Should we be more surprised to find some ancient evidence of living organisms on Mars or not to find such evidence? There has been a lot of debate about the proability of life ocurring on any given planet in the universe. Although this probabilitiy (call it P0) has not been satisfactorily determined, “Amir Aczel”:http://www.amazon.com/exec/obidos/tg/detail/-/0151003769/104–0052059-3270336 estimates the probability of life existing on a planet orbiting at least one other star in the universe as 1, to a reasonable approximation. His hypothesis has been “criticized”:http://www.math.hawaii.edu/~ramsey/ET.html but the criticisms, which relate principally to his estimate of the P0 variable —do not seem to make much difference to his result. The universe is so vast that the immense size of the “sample space” swamps all other variables in the probability expression. What, however, is the probability of life occurring more than once in a solar-system (e.g. ours ). The probablility must be large in comparison to P0 because many of fundamental pre-conditions for life have already been met (e.g. age, size and type of the star). And what, if anything, does the discovery of this life, occurring in a cosmic neighborhood where life has already occurred once, tell us about the value of P0? Nothing, I suggest. The Mars probe budget needs some other justification.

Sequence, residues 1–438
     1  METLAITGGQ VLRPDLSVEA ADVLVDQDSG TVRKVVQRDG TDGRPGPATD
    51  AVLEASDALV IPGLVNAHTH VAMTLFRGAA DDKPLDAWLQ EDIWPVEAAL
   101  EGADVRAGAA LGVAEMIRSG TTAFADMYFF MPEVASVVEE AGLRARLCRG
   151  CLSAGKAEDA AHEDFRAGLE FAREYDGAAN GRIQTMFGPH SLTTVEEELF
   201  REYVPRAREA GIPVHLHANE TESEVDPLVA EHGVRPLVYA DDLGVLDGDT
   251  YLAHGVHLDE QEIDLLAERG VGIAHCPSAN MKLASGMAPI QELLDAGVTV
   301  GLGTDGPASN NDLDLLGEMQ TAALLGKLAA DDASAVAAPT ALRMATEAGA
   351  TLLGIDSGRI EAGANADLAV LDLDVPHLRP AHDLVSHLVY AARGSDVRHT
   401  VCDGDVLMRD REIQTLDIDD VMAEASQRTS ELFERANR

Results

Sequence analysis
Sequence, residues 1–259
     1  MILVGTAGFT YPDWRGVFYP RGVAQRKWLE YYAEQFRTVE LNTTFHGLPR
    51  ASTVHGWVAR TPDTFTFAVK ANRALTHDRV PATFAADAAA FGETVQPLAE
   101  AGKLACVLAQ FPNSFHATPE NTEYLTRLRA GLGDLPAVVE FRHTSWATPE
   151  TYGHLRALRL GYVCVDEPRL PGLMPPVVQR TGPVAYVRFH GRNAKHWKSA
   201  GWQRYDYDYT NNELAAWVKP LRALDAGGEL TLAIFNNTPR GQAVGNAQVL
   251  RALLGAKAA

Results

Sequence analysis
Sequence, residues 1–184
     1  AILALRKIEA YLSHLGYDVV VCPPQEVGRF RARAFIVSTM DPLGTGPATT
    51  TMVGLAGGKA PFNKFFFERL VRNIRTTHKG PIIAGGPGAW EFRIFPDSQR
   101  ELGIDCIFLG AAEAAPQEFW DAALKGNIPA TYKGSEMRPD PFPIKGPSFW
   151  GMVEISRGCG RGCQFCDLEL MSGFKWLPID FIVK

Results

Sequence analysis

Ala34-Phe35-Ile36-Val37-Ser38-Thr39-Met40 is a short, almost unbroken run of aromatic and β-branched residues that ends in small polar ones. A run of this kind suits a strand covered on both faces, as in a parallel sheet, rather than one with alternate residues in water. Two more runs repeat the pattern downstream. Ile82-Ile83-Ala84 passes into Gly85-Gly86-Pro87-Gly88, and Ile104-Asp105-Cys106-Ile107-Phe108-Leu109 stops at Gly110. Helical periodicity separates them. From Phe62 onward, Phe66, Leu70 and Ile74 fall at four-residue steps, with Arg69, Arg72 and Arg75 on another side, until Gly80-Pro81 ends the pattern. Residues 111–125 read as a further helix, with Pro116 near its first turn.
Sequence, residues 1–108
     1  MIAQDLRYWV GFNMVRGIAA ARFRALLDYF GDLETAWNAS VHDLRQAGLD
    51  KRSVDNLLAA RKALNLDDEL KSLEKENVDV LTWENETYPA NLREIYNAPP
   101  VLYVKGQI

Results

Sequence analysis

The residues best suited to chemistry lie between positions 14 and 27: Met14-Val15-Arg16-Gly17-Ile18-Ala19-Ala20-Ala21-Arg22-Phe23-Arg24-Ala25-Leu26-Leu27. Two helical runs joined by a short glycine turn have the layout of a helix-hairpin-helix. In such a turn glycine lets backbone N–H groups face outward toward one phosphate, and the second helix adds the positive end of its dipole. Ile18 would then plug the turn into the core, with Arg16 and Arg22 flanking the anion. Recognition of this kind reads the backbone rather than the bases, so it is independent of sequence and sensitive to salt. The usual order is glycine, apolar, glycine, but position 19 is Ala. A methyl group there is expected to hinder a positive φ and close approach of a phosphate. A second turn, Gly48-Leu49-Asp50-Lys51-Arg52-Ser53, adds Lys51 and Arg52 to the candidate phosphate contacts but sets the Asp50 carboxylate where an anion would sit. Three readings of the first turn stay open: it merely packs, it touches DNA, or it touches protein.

Peter Gallagher is student of piano and photography. He was formerly a senior trade official of the Australian government. For some years after leaving government, he consulted to international organizations, governments and business groups on trade and public policy.
He teaches graduate classes at the University of Adelaide on trade research methods and the role of firms in trade and growth and tweets trade (and other) stuff from @pwgallagher